The Triumph TR4 is the fourth in a series of eight TR models. 'TR' stands for 'Triumph Roadster', and it can be said that roadsters dominated the production of British cars for a considerable period of time, it even became a trademark for British brands.
The TR4 is an easily recognisable British roadster. Its appearance and looks are of Giovanni Michelotti’s hand, who is an Italian designer whose portfolio had already been enriched by brands such as Ferrari, BMW, DAF. From the second half of the fifties, he even become Triumph’s single designer. The car is - as its predecessors are - based on its predecessors, yet the Italian touch could not be left out, which causes an eye-catching eclectic design. The lines are wavy and sporty, the headlights are very Italian, and the overall car is rather small, making it compatible with busy British city traffic. A luggage rack is mounted on the trunk, evoking a nostalgic atmosphere, and the so called ‘surrey top’ has a rear window is the precursor to the Targa that would later be claimed by Porsche. The interior is meticulously finished with leather seats that welcome the passengers on long and comfortable rides. The beautifully varnished wooden dashboard affirms modest British prestige and presents a lot of neatly finished gauges.
The roadster’s four-cylinder inline engine is fed by an S.U. carburettor for which the hood is made sportier representing a hood scoop. From 1965, two S.U. carburettors supplied the four-cylinder, which provided higher power. The engine is controlled by a four-speed manual gearbox and produces 100 or 104 hp and 203 or 206 Nm. Those statistics make it a rather sporty whole, considered the lightweight of barely 1,000 kg (2,240 lbs). The charming and modest sporty engine fits the eclectic glove perfectly.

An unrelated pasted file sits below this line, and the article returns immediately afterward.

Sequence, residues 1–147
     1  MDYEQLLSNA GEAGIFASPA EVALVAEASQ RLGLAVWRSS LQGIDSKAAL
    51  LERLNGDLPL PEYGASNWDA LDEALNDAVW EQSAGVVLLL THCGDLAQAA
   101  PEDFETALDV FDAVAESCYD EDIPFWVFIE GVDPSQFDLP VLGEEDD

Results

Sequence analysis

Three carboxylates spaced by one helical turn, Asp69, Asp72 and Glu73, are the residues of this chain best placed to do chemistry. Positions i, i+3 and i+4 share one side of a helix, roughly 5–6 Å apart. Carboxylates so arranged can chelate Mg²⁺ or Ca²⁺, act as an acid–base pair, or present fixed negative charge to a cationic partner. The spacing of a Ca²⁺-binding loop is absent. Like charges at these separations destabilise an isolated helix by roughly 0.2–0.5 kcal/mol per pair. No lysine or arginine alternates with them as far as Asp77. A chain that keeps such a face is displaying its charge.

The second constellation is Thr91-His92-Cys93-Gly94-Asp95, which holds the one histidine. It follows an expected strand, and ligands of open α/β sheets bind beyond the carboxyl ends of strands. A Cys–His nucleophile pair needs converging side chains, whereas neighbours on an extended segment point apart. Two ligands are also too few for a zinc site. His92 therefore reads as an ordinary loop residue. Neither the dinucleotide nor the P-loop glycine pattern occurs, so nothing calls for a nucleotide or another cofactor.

New TR series models were always based on their predecessors, the TR4 was no exception. The TR4 was officially built from 1961 to 1967. In 1965, improvements were made and the TR4 provided better and more modern handling. Independent suspension replaced the rigid rear axle, to make this possible Triumph revised the chassis shape. A distinction is made between before and after 1965 models, models before 1965 are regularly named TR4, later models are named TR4A or TR4 IRS.
The TR4A is the upgraded after 1965 of the Triumph TR4 that was built until 1967. From 1965 on, the rear-wheel suspension became also independent, the Americans even named it TR4 IRS, IRS representing Independent Rear Suspension. Additionally, the engine was supplied by two carburettors instead of just a single one, which impacted both power and torque.
A total of approximately 30,000 TR4A's were built. The TR4A remains a fun classic car that sparks desire among aficionados. Also, selling trends make believe that a TR4 is a good investment.